Verizon picks LTE? Not so fast.
It's still early to declare Long Term Evolution (LTE) technology as the 4G winner at Verizon Wireless. Last week, Vodafone CEO Arun Sarin and Verizon CEO Ivan Seidenberg announced at the Goldman Sachs investor conference that both carriers are planning on using the same technology for their 4G networks and that both are studying the LTE standard.
"It makes complete sense for us to go from HSDPA to LTE and it makes sense for Verizon to go from EV-DO to LTE." Sarin said.
But the devil is in the details. Interestingly, Verizon Wireless somewhat distanced itself from the initial announcement. An operator spokesman told Telephony Magazine that neither company has committed to a specific technology and they are not locked in deploying the same infrastructure after their 4G evaluations are complete. Both companies are looking at WiMAX too.
Certainly aligning technology paths has been a long-time desire for both Vodafone and Verizon, who own stakes in Verizon Wireless (45 percent and 55 percent, respectively). Vodafone makes use of GSM and HSDPA and Verizon Wireless has deployed CDMA and EV-DO Rev. A. That makes global offerings and network procurement savings difficult. Plus, Vodafone has been under significant pressure to divest its stake in Verizon Wireless as investors say there is little synergy.
Verizon Wireless wanted a harmonized standard for 3G back in the 1990s, but vendor politics left two incompatible standards: CDMA2000 and W-CDMA. Now there is a new opportunity for alignment again with 4G as a move to LTE, Ultra Mobile Broadband (UMB), the evolution path for EV-DO Rev. A, or WiMAX would require a fork-lift upgrade since all are based on OFDMA technology.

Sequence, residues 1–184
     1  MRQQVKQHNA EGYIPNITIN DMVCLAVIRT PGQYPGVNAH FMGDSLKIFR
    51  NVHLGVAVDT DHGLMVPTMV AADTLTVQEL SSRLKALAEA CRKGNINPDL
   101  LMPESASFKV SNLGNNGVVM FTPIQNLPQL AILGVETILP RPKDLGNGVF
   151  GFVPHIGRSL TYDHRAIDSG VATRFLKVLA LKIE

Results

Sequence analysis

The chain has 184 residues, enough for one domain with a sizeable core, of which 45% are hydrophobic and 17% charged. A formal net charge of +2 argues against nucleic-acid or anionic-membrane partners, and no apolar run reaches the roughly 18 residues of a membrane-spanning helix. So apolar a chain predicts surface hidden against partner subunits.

Still, many factors could keep Verizon Wireless from technologically aligning itself with Vodafone. Whether Verizon Wireless wins spectrum in the 700 MHz auction has a bearing on technology decisions given the fact that it will face buildout deadlines and competitive pressures from WiMAX. Moreover, LTE is about three to four years away from deployment. UMB's development is further along and could very well be ready significantly earlier than LTE. If Verizon is facing competitive pressure on the mobile broadband front, especially from the likes of Sprint's WiMAX network, it could find itself pushed to deploy UMB. It also could find that EV-DO Rev. B will give it enough speed until LTE is ready. Vendors expect that a 5 MHz Rev. B channel will support average downstream rates of 9.3 Mbps, representing an improvement over Rev. A by three times. Of course, there's always WiMAX.
On another interesting note, did you notice the flurry of announcements Ericsson has made around making HSPA more of a mass-market technology? The world's largest infrastructure provider, which has publicly shunned WiMAX, appears to be looking to accelerate the adoption of HSPA before WiMAX shows up in force.
Last week, the vendor announced its first HSPA module for laptops and other client devices, aiming for 50 percent of notebook computers to adopt HSPA modules by 2011. In India, where WiMAX is supposed to make some significant inroads, Ericsson launched an initiative to introduce the benefits of HSPA technology in rural India and connect communities to high-speed Internet services. Earlier this month, Ericsson introduced the U335 WCDMA mobile platform designed to enable handset providers to create mass-market HSPA multimedia devices capable of offering services such as mobile TV, mobile video blogging and other services that require both high uplink and downlink data speeds.